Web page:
Rarely, if ever, does the church engage in its most faithful mission and best theological reflection in seasons of comfort and convenience, or while occupying seats of power and dominance.

Rather, the richest gifts are most often from the church occupying the disruptive places of the world and living through disorienting cultural moments. These can be the places where the church finds its clearest Christ-like voice, and Spirit-led action; it is often in places and seasons where the world has felt the shattering effects – the breaking apart effects – of the Enemy’s work in the world. It is often in places of disruption where the church is able to proclaim and display Jesus’ prophetic mission to be those that preach AND provide good news to the poor, healing for the broken, liberation for the captives, salvation to the world. Rarely, if ever, does the church engage in its most faithful mission and best theological reflection in seasons of comfort and convenience, or while occupying seats of power and dominance. Click To Tweet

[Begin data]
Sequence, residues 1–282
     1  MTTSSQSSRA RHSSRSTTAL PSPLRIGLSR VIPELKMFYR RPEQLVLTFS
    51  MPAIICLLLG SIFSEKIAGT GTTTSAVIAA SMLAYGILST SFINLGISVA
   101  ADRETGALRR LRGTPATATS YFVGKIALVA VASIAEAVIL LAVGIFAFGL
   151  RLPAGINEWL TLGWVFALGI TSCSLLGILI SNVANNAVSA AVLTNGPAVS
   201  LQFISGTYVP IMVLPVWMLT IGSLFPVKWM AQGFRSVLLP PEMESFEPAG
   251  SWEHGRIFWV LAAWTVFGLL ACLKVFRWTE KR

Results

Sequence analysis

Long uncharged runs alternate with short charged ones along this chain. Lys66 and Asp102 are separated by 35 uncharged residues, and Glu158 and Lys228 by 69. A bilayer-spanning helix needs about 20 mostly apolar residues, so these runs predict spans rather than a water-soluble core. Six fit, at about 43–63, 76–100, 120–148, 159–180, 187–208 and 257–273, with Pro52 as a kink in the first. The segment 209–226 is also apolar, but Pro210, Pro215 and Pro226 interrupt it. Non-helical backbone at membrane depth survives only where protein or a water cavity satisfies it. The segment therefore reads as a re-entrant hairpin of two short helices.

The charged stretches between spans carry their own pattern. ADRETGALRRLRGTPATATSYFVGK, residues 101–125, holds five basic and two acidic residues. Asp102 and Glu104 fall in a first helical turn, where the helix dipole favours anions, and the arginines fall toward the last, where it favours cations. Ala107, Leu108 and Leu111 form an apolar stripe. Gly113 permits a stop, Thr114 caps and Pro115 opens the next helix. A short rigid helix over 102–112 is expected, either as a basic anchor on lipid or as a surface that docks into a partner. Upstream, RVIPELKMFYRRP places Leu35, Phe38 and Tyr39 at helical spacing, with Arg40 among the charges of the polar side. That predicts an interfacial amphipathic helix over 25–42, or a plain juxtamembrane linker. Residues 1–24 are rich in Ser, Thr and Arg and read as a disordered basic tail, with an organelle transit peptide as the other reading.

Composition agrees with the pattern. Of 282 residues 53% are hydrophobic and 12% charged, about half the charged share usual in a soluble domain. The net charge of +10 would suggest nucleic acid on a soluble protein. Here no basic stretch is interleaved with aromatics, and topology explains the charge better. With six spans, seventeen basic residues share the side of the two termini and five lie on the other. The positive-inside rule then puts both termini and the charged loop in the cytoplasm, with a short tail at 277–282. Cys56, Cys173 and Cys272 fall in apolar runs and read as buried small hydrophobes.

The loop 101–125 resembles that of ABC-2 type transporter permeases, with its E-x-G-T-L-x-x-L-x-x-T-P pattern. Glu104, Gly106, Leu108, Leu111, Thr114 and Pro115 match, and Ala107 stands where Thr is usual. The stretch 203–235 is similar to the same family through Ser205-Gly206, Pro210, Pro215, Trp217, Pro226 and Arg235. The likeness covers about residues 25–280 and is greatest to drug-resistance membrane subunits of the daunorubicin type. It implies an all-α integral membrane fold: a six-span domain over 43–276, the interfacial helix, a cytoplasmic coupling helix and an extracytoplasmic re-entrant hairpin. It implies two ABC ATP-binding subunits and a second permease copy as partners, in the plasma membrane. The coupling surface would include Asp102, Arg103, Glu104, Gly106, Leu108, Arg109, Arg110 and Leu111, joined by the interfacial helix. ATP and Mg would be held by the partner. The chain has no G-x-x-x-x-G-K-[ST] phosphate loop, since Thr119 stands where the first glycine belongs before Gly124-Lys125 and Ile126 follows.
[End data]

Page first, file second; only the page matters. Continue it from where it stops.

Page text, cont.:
Many summers ago, I had the chance to visit some dear friends in Alaska and do a bit a hiking. We were in the Denali Mountain range and on our hike they pointed out that there was a side of the mountain that had been devastated by fire a couple of seasons prior. I could see the place where the fire had cut through and burned by pines, leaving only charred, black stump-poles sticking up out of the ground.

The bushes were burnt, but some juvenile bushes were beginning to grow. And all across the hillside was this amazing flower in bloom. It’s called fireweed.

The thing about this flower is that it doesn’t come up unless there’s been a fire. If the meadow, mountain, or forest is undisturbed, you’ll never see the fireweed bloom.

It’s only after the chaos and destruction of a ravaging fire that you will see fireweed.

But the other thing about fireweed is that it’s the FIRST thing to show up. But it’s not the last thing.

When there is a fire, the dormant fireweed seeds are then germinated, making the fireweed the first heralds of new life in the soil.

And when they sprout it is as though they are announcing – the tragedy of the fire has ended. New life is on the way. The trees that were lost in the fire, they’ll return soon. The Johnson pines – they aren’t lost forever. The blackberry bushes – they aren’t dead. The poplars and birch will flourish again.

New life can be found on the other side of disruption. Sometimes disruption is the only way for new life to rise.